“This was well and good, well-deserving,” said Oxendine. “But, you know, being as a Robesonian, it’s a shame that you don’t give people their roses when they are able to appreciate them.”
“He loved Robeson County. He loved the people of Robeson County, and he showed it every day of his life,” Oxendine added. “…Let’s honor them while they’re living.”
Commissioners later appointed Oxendine to fill Cummings’ seat on the Lumber River Council of Government’s board of directors. The appointment does not have a term limit, County Manager Blue said.
In other matters, commissioners approved Project Blue Jay-Incentives, which will expand a building owned by an unnamed Lumberton Fortune 500 company by 6,000 square feet at an estimated cost of $10 million. The project will bring 20 jobs to the county.
“This opportunity will continue to strengthen our manufacturing and production sector in Robeson County and will provide excellent internship and workforce opportunities for Robeson Community College students/graduates. Robeson County agrees to a Personal Property tax refund of $97,405 and Real Estate refund of $10,395 over 3 year terms,” County Manager Kellie Blue wrote in an Aug. 27 letter to the N.C. Department of Commerce, which was included in commissioners’ packets for review.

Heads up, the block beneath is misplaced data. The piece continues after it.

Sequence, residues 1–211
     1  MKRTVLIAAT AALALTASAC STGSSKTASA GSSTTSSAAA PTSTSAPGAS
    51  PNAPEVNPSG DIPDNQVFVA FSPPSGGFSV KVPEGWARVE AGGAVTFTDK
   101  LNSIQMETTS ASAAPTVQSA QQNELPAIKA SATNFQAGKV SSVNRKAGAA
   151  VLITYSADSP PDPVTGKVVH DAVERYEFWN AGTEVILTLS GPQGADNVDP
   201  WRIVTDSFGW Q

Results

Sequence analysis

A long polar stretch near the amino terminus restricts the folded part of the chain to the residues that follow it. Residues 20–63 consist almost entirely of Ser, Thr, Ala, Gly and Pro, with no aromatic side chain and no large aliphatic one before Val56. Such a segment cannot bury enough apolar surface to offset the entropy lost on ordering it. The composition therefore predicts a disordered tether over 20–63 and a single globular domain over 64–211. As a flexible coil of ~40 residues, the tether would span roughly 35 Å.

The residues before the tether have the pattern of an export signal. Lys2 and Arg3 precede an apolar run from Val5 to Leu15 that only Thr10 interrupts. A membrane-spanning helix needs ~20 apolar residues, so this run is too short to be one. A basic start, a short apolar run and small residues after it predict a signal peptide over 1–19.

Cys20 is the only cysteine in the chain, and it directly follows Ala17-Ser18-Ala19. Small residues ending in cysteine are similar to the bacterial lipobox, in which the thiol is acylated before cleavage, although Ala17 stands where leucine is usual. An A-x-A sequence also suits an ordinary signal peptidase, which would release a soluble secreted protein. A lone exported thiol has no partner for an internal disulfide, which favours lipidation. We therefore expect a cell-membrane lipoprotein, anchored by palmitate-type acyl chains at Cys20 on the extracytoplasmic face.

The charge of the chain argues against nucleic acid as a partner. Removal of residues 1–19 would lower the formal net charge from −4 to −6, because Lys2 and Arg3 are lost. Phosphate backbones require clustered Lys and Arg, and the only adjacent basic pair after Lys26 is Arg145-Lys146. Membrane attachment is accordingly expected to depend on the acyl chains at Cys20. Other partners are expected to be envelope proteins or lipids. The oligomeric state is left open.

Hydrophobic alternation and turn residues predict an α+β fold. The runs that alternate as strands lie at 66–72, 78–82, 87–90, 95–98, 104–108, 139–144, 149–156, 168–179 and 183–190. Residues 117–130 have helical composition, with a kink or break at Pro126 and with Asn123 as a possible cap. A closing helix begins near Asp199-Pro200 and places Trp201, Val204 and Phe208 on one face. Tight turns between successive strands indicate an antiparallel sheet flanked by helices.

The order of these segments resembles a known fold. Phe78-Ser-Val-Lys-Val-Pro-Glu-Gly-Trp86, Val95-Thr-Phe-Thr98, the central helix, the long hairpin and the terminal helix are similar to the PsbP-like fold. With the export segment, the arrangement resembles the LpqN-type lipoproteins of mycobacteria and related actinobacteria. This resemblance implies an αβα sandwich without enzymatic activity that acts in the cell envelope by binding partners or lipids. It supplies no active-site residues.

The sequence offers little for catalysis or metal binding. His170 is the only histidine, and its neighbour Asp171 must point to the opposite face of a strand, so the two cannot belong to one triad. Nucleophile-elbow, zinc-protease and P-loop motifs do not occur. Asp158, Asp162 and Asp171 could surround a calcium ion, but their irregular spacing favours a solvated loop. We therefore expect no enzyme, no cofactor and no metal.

Commissioners plan to hold a public hearing on the project during their Oct. 19 meeting.
Allowing commissioners to attend board meetings by telephone up to four times a year, excluding executive sessions, with more details to be written in a policy later, was unanimously approved by the commissioners.
During Monday’s meeting, commissioners also heard from Ed Hunt, Sustainable Agriculture director at The University of North Carolina at Pembroke, who said the Thomas Entrepreneurship Hub is working to construct a building on 15 acres of land at Deep Branch Road near COMtech.
“We’re looking at local food production,” Hunt said.
The Hub plans to break ground on the building within 12-24 months.
In other matters, commissioners learned that the county’s Finance Department received a certificate of achievement for excellence in financial reporting from the Government Finance Officers Association in recognition of the department’s comprehensive annual financial report for the fiscal year ending June 2019. The certificate is the highest form of achievement in governmental accounting and reporting of finances.
Also approved Monday was:
— A resolution to advertise a bid of $8,000 for surplus property at 332 Pinwheel Circle in Lumberton.
— A resolution to accept a bid of $1,500 plus the cost of advertisement for a property near Richardson Street in Red Springs.
— A conditional use permit from Marbeth Pevia to establish a family cemetery in a residential agricultural district on Mothers Drive in Back Swamp.
— Closing out a $1,187,614 Home and Community Care Block Grant for Older Adults for fiscal year 2020.
— The Robeson Community College 2020-2021 budget.